Billy Bishop Home & Museum
Owen Sound, Ontario

Located in the childhood home of WW1 flying ace Billy Bishop, this spot is definitely worth a visit. On hand are much of the original furniture from the home as well as various artifacts from throughout Bishop’s career. See a model of Bishop’s second plane, an SE 5A. Be sure to head to their website before visiting.

Community Waterfront Heritage Centre
Owen Sound, Ontario

Located along the harbour wall in Owen Sound, near the MS Chi-Cheemaun ferry's off-season home, is the Community Waterfront Heritage Centre. Located in the former CN Rail Station, there’s a caboose and CN rail car on site to explore as well. The centre houses some very interesting history of Owen Sound’s marine and rail development. Be sure to visit their website before heading out.

Meaford Museum
Meaford, Ontario

Originally built in 1895 as the town of Meaford’s pumping house, the Meaford Museum now houses some rich history of the town’s apple growing industry and military roots. With both permanent exhibits and access to local online genealogy, there’s plenty here to keep you busy! Find out what’s happening on their website.

Simcoe County Museums

Creemore Jail
Creemore, Ontario

Yes, that’s right, not only does the village of Creemore have a fantastic brewery (Creemore Springs) and a quaint downtown, it’s also home to North America’s Smallest Jail! Built in 1892 at a cost of $425.20, this 3-cell lockup housed law breakers for half a century. Now you can swing by and lock yourself up for fun and photos. Right next door is a resorted log cabin with a history host on hand during the summer on Saturdays. Sound intriguing? Find out more here.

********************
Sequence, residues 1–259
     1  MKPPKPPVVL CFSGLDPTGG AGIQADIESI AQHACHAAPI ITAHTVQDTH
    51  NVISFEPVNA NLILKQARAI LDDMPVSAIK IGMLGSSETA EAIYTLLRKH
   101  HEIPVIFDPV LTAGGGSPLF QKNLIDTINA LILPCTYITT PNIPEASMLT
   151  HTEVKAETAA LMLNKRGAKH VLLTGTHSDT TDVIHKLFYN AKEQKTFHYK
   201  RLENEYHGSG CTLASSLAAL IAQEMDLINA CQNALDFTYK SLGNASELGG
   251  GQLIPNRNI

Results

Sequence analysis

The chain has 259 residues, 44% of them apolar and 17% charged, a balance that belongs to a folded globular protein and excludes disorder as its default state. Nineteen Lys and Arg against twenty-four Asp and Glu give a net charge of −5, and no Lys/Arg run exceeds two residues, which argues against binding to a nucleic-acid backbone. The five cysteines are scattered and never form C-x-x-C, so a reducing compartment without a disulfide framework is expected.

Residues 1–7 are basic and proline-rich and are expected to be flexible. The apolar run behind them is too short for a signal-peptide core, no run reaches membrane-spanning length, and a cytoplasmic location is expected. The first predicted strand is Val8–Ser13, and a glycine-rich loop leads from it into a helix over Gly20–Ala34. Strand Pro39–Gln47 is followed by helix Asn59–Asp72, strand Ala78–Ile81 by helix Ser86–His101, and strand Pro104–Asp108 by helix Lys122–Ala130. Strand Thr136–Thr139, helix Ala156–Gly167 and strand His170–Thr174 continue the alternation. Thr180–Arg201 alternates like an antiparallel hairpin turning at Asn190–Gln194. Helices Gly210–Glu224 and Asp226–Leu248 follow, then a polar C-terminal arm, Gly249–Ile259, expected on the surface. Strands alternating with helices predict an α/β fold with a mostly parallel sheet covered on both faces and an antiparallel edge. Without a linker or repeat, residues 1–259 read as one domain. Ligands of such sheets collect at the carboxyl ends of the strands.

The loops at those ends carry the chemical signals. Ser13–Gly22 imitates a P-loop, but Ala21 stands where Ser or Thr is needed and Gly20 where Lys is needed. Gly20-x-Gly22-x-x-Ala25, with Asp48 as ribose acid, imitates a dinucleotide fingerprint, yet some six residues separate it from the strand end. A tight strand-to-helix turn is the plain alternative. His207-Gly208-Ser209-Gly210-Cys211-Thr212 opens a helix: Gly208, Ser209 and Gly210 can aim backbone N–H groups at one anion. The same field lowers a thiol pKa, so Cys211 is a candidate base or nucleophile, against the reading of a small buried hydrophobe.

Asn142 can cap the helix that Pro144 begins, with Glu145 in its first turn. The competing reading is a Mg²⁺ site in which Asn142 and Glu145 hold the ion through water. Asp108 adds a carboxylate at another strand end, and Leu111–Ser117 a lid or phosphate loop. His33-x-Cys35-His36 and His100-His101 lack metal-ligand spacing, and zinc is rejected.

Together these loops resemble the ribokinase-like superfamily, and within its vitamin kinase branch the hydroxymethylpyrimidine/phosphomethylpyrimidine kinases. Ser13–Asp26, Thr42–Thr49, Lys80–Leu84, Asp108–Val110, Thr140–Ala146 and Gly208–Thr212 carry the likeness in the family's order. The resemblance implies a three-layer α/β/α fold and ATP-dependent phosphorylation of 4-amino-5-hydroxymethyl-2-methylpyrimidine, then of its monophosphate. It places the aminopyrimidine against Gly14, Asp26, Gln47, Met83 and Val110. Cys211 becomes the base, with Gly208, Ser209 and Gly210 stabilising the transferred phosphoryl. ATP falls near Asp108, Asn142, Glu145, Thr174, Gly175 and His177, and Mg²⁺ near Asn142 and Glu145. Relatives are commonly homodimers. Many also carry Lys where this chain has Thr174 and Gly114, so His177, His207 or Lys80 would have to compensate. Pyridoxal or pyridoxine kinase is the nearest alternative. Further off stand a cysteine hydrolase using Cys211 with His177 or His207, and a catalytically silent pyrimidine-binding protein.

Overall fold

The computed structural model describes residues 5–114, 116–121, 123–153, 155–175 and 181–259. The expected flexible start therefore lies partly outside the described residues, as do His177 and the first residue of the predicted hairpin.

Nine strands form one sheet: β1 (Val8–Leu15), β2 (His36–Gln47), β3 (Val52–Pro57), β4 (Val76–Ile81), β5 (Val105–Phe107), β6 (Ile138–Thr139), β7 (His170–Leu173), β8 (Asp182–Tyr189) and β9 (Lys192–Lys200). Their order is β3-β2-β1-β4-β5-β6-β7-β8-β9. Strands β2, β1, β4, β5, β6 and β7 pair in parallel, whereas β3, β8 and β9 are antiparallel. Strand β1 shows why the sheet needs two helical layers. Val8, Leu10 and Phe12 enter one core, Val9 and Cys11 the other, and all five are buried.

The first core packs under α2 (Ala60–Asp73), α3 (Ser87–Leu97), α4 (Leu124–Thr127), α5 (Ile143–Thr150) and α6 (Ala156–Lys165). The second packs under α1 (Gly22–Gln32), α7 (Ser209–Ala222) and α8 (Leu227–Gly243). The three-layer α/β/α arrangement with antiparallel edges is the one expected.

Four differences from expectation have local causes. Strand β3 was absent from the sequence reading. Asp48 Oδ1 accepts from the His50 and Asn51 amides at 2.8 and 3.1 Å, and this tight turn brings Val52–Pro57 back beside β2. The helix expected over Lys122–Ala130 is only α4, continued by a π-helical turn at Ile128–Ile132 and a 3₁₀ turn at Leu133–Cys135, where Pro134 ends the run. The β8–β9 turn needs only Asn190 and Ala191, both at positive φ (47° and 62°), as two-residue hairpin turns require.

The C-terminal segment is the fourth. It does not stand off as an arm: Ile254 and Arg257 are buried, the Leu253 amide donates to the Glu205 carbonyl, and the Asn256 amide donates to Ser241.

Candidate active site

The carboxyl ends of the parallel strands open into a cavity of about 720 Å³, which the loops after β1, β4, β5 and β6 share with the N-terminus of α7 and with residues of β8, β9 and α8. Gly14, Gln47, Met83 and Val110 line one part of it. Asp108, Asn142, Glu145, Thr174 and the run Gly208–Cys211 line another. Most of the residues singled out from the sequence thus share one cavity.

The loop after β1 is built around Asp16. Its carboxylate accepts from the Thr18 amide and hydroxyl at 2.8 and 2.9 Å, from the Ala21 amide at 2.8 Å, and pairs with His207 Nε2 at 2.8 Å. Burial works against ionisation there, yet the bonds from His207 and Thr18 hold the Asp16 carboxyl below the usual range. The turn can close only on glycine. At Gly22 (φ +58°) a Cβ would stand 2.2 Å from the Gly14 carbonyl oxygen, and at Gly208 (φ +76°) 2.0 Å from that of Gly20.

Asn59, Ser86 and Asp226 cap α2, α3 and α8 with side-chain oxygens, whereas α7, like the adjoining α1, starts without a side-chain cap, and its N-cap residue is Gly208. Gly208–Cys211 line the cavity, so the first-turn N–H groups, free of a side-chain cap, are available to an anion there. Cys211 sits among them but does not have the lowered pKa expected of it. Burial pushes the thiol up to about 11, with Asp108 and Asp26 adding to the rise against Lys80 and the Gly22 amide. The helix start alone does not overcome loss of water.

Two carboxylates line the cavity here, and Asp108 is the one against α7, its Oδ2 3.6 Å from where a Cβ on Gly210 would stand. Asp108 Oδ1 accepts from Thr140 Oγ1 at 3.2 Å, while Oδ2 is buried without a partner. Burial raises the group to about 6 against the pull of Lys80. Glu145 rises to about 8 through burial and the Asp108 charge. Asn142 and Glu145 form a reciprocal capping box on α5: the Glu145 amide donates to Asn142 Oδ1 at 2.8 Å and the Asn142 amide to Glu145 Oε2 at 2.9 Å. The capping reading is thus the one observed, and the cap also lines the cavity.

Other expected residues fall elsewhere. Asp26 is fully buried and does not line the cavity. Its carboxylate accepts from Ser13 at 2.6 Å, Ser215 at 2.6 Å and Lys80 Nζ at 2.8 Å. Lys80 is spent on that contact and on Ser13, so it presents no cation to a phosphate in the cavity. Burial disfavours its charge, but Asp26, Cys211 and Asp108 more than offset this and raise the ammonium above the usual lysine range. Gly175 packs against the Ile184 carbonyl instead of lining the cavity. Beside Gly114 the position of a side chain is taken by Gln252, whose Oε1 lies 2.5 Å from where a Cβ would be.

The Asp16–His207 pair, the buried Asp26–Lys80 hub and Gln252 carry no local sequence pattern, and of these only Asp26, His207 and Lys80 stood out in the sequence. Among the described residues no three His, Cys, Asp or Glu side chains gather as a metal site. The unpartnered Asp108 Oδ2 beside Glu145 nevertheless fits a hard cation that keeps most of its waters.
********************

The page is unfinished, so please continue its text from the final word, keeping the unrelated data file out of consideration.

Camp Borden Military Museum
Angus, Ontario

For those interested in military history, a stop at Camp Borden in Angus is a must. The Military Museum here is one of the largest in Canada and holds a sizeable collection of WWI, WWII and post-war armoured vehicles, trucks and aircraft. Outside the museum there is a tank park—with armoire vehicles and artillery pieces on display you can get a closer look at. There’s also an Air Force Annex home to the AVRO 504K—the oldest flyable airplane in Canada. Learn more on their website.

The African Methodist Episcopal Church of Oro
Oro, Ontario

Operated in partnership with the Simcoe County Museum, the African Methodist Episcopal Church of Oro offers free tours of the church on Saturdays from the May long weekend until Thanksgiving. This important piece of history has been lovingly preserved by volunteers, reopening to the public back in 2016. Visit their website or watch the video below to get an idea of what a tour of the church includes.


Nancy Island Historic Site
Wasaga Beach, Ontario